A Tempe church is giving sanctuary to a Guatemalan immigrant who's facing deportation as a result of a traffic stop.
Reverend Eric Ledermann of the University Presbyterian Church says Luis Lopez-Acabal can stay "as long as it takes" to avoid his deportation."
Luis is our neighbor who has been here for a long time," Ledermann says. "He has knocked on our doors and said, 'Help me.' We have offered that, and we want him to stay. I am a husband, I am a father or two children -- I cannot imagine being ripped away from my wife and family. I would do anything to stay with them."
The church's offer to provide a sanctuary to Lopez is the latest case of an American church offering sanctuary to immigrants facing deportation, and is at least the third church in Arizona to do so recently.
These sanctuary cases are a sort of revival of something that happened in the '80s, when churches started opening their doors to Central American refugees who faced deportation. According to a paper from the Migration Policy Institute, the practice actually started in Arizona:
The network of religious congregations that became known as the Sanctuary Movement started with a Presbyterian church and a Quaker meeting in Tucson, Arizona. These two congregations began legal and humanitarian assistance to Salvadoran and Guatemalan refugees in 1980.Lopez, the young man offered sanctuary by the Tempe church, says he came to the United States alone from Guatemala at the age of 16 to escape gang violence. He's married to a permanent resident who has two children, both U.S. citizens.
When, after two years, none of the refugees they assisted had been granted political asylum, Rev. John Fife of Southside Presbyterian Church in Tucson announced -- on the anniversary of the assassination of Salvadoran Archbishop Oscar Romero -- that his church would openly defy [the Immigration and Naturalization Service] and become a "sanctuary" for Central Americans. The Arizona congregations were soon joined by networks of religious congregations and activists in Northern California, South Texas, and Chicago.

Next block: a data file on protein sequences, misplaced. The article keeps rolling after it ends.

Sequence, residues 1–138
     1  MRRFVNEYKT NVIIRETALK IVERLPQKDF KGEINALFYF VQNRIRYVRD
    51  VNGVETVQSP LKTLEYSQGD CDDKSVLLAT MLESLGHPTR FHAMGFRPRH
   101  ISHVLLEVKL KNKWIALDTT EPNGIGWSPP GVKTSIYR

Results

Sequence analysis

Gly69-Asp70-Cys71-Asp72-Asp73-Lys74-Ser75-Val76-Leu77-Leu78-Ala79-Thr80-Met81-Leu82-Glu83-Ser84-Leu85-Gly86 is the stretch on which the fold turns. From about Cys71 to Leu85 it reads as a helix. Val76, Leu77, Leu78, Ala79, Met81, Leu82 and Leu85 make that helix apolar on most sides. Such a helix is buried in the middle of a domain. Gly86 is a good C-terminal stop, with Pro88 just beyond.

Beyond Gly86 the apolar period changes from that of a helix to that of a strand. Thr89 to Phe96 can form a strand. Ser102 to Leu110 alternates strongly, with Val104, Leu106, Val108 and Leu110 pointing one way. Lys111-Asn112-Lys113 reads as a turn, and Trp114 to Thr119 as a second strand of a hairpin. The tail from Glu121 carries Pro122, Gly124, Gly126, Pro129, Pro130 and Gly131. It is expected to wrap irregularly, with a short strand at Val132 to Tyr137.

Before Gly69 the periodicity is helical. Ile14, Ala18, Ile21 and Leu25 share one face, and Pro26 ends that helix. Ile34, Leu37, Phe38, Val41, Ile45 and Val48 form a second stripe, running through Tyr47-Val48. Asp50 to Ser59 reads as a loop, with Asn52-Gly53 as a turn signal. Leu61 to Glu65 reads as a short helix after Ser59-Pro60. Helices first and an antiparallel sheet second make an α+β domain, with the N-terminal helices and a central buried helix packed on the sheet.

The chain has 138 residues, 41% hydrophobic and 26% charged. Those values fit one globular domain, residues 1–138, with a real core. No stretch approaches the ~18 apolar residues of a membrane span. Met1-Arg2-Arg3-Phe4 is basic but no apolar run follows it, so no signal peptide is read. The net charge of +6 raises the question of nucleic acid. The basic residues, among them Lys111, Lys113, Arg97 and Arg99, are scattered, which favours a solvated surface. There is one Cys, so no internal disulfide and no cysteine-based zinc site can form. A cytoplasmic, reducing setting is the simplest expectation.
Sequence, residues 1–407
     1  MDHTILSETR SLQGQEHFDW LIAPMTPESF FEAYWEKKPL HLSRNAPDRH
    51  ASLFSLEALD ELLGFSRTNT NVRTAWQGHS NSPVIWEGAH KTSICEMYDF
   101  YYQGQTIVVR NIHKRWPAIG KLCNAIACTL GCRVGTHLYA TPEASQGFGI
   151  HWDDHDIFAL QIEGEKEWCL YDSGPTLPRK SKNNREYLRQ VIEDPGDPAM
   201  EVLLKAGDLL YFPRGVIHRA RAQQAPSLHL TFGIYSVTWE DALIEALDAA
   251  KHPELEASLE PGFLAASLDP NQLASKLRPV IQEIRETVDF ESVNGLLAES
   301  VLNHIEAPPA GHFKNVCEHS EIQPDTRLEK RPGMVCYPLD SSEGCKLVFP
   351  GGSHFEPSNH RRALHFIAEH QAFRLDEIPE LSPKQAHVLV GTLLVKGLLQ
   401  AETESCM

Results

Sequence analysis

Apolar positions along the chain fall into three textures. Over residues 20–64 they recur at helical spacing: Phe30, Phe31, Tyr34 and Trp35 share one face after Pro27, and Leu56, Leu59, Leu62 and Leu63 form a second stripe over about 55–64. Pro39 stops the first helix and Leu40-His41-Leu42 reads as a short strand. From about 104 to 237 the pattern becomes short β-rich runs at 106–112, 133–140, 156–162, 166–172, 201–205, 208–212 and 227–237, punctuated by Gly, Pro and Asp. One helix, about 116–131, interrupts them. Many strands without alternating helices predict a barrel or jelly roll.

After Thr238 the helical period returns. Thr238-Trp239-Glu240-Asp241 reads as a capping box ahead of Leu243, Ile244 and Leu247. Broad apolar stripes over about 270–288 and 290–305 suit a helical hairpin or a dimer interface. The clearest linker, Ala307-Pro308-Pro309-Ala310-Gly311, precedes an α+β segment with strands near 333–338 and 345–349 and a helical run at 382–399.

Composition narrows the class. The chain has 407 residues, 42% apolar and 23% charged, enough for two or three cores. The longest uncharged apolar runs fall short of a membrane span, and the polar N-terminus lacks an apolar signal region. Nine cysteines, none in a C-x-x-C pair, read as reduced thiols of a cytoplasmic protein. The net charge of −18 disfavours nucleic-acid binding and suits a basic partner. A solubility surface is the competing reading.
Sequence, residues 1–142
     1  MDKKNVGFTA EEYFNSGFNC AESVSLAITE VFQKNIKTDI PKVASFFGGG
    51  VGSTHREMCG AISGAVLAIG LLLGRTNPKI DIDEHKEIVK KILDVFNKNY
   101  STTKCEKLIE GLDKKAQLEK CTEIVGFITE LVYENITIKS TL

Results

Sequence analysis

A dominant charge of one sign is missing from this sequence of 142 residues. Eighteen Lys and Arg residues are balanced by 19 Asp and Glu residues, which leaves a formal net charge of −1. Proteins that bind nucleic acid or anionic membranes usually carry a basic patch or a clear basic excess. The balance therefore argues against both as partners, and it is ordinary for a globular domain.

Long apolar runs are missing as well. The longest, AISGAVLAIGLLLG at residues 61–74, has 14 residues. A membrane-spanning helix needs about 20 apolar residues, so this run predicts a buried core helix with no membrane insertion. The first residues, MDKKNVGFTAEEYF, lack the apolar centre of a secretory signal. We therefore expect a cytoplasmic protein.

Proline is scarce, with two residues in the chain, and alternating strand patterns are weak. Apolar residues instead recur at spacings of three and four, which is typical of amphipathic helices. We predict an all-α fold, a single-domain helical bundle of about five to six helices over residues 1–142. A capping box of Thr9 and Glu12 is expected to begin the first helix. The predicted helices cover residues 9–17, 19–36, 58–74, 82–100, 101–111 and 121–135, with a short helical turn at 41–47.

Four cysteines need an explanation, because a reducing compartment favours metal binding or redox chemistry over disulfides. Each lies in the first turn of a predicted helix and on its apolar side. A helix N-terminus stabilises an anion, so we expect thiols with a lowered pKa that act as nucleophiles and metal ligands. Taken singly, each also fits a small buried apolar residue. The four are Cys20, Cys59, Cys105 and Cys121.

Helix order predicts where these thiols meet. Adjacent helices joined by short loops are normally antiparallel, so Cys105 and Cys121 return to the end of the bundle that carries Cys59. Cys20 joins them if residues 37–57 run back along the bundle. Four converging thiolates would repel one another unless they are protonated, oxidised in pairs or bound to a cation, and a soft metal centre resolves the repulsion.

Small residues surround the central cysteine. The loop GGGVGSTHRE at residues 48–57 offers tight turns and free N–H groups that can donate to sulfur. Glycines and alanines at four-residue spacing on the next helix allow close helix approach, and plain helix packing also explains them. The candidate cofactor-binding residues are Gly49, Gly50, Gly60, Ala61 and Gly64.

At the Sanctuary Movement's height in the mid 1980s, over 150 congregations openly defied the government, publicly sponsoring and supporting undocumented Salvadoran or Guatemalan refugee families. Another 1,000 local Christian and Jewish congregations, several major Protestant denominations, the Conservative and Reform Jewish associations, and several Catholic orders all endorsed the concept and practice of sanctuary. Sanctuary workers coordinated with activists in Mexico to smuggle Salvadorans and Guatemalans over the border and across the country. Assistance provided to refugees included bail and legal representation, as well as food, medical care, and employment.
Now faced with deportation proceedings, he's looking to the University Presbyterian Church to help keep his family together.
"I believe here I'm going to be safer, and be able to stay with my family," Lopez says.
Reverend Ledermann described the offer of sanctuary as a sort of Christian duty to keep the family together.
"Our scriptures call us to care for the widow and the orphan, but it is time that we work to prevent the creation of widows and orphans through a broken immigration system that is tearing families apart, sending many back to countries that they no longer know, with some of the highest homicide rates on the world," he says.
Ledermann placed some blame on the Obama Administration, and made a public call for the administration to stop separating families through deportation proceedings.
"We are calling upon President Obama to fulfill a promise he has made hundreds of times in the last several years to keep families together . . . and to do justice in the face of brokenness, and to further create opportunity for millions of others who simply want to stay with their families, and continue to be a part of the communities they have lived in for so long by expanding deferred action," he says.
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